Other factors included increases in inbound roaming revenues, universal service fund contributions, charges to customers and ETC revenues. Inbound roaming revenues for the quarter were $61 million, up 39% reflecting both higher minutes of use and an increase in data roaming revenues. ETC revenues for the quarter were $27 million up from $17 million in the prior year.
U.S. Cellular is now eligible to receive funds in nine states compared to seven states in 2006. In light of the FCC's ongoing consideration of a recommendation to place an interim cap on funding to wireless carriers, the level of ETC funding that the company will receive in the future is somewhat uncertain. While we can't predict what the FCC ultimately will decide, we expect ETC revenues in the fourth quarter to be pretty consistent with the amount recorded for the third quarter.
The net equipment subsidy for the quarter was $103 million up $29 million or 40%. Factors in this increase include higher volume as well as a higher net subsidy per unit reflecting both a shift in mix toward higher end handsets that enable advanced data services and very aggressive promotions across the industry.
We've experienced very nice growth in ARPU overall and in data revenues in particular, and the equipment subsidy is one cost of getting those additional revenues. For example, given the choice between a low-end phone at no cost and a higher end phone that supports advanced data services and multimedia capabilities for a nominal incremental payment, many customers will opt for the higher end phone.
In that case, although the customer pays a little more for the handset, the net subsidy by the carrier is also greater. Also smartphones are among the most expensive models and generally results in a higher net subsidy by the carrier, but involves significantly higher ARPU, something in the range to 1.5 to 2.5 times traditional ARPU. As you know handset subsidies increased throughout the industry during the third quarter.
System operations expenses were $185 million up 12%. The increase was driven by a 9% increase in the number of cell sites in service, an increase in network usage by our customers and a 22% increase in average minutes of use per customer.
Factors, which helped to hold down costs in this category, were lower cost per minute of use on our own network and a decrease in outbound roaming cost per minute as we benefited from lower negotiated rates. Selling general and administrative expenses were $415 million up 16%.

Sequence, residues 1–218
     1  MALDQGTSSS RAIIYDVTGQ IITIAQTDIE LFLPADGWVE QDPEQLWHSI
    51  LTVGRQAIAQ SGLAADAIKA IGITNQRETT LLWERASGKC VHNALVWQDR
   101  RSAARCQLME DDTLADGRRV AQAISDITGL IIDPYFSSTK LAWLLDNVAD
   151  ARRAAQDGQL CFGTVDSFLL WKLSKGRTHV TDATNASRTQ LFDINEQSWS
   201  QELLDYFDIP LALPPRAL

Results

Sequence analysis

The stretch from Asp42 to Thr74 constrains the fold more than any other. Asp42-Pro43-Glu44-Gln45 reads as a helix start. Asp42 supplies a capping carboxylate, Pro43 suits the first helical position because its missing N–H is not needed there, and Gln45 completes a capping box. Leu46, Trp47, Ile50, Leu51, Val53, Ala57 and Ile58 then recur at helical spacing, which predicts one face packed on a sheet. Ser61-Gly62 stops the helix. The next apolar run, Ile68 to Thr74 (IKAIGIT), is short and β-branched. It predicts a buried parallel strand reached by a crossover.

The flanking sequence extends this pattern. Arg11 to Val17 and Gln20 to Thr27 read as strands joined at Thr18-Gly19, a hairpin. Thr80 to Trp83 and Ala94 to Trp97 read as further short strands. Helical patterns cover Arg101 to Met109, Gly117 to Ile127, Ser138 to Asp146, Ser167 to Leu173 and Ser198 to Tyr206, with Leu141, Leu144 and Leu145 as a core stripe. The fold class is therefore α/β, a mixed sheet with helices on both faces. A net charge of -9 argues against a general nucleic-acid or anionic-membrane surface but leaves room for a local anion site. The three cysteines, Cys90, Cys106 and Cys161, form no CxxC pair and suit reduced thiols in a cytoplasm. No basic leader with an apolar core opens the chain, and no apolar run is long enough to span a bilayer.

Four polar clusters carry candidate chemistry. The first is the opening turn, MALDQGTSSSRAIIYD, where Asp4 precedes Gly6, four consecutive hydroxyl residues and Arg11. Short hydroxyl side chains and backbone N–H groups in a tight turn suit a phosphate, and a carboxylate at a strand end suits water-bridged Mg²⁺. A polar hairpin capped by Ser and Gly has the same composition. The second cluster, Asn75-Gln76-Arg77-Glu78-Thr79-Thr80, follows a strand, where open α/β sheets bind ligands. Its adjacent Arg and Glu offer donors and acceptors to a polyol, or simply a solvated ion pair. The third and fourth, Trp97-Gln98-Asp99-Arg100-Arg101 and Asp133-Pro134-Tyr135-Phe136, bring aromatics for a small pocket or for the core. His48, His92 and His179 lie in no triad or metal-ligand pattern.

Key components of this increase were higher selling expenses associated with the growth in customers and revenues and higher advertising expenses primarily related to media purchases. We mentioned last quarter that we expected advertising expenses to trend higher in the second half of the year.
Another significant factor was higher expenses related to universal service fund contributions. Remember that USF contributions are largely offset in revenues.
Also as you may know, several wireless carriers have been involved in litigation with various municipalities in the state of Missouri, related to the imposition of business license taxes on telephone services. The company recently entered into a settlement agreement related to that litigation resulting in a charge of $3.6 million during the quarter.
Operating income was $101 million up 31% as the growth in revenues exceeded growth in operating expenses. Operating cash flow for the quarter totaled $251 million up 12%. The operating cash flow margin was 26.3% of service revenues down one percentage point from 2006 reflecting the higher costs and expenses that I mentioned earlier, particularly the net equipment subsidy.
Remember, for the nine months, operating cash flow margin was 28.7% up 1.2 points year-over-year. Below the line total investment and other income for the quarter was $8 million, an improvement of $29 million from 2006.
The key factor in the improvement was the absence of a loss of $21 million incurred in 2006 related to the fair value adjustment on derivative instruments, which were settled during the second quarter of 2007. Also contributing was lower net interest expense.
Equity and earnings of unconsolidated entities was approximately $24 million for the quarter including $18 million from the company's investment in the Los Angeles partnership. The effective income tax rate for the quarter was 37.9% compared to 27.7% in 2006.
The lower prior year rate reflected the favorable resolution of state tax audits. Net income was approximately $64 million or $0.72 per share.
As I indicated previously, the company is generating strong cash flow from operations. Again, for the third quarter, operating cash flow was $251 million. The company used the strong cash flow to fund capital expenditures of $131 million and to repurchase 168,000 of its common shares for about $16 million.
At quarter end, the company's revolving credit line was unused, and the cash balance was $182 million. The company did not launch any significant new markets in the first nine months of 2007 and has no plans to do so this year or next. Instead, we expect to remain focused on increasing customers, revenues, and profitability within our existing markets. However, we will of course continue to consider attractive opportunities to expand our footprint as we did with the acquisition of the Iowa 15 market earlier this year.